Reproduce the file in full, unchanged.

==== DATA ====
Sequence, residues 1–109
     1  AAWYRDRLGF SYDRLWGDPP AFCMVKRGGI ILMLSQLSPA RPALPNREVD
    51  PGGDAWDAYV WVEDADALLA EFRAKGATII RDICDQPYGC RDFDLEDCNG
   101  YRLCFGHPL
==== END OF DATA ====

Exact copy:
Sequence, residues 1–109
     1  AAWYRDRLGF SYDRLWGDPP AFCMVKRGGI ILMLSQLSPA RPALPNREVD
    51  PGGDAWDAYV WVEDADALLA EFRAKGATII RDICDQPYGC RDFDLEDCNG
   101  YRLCFGHPL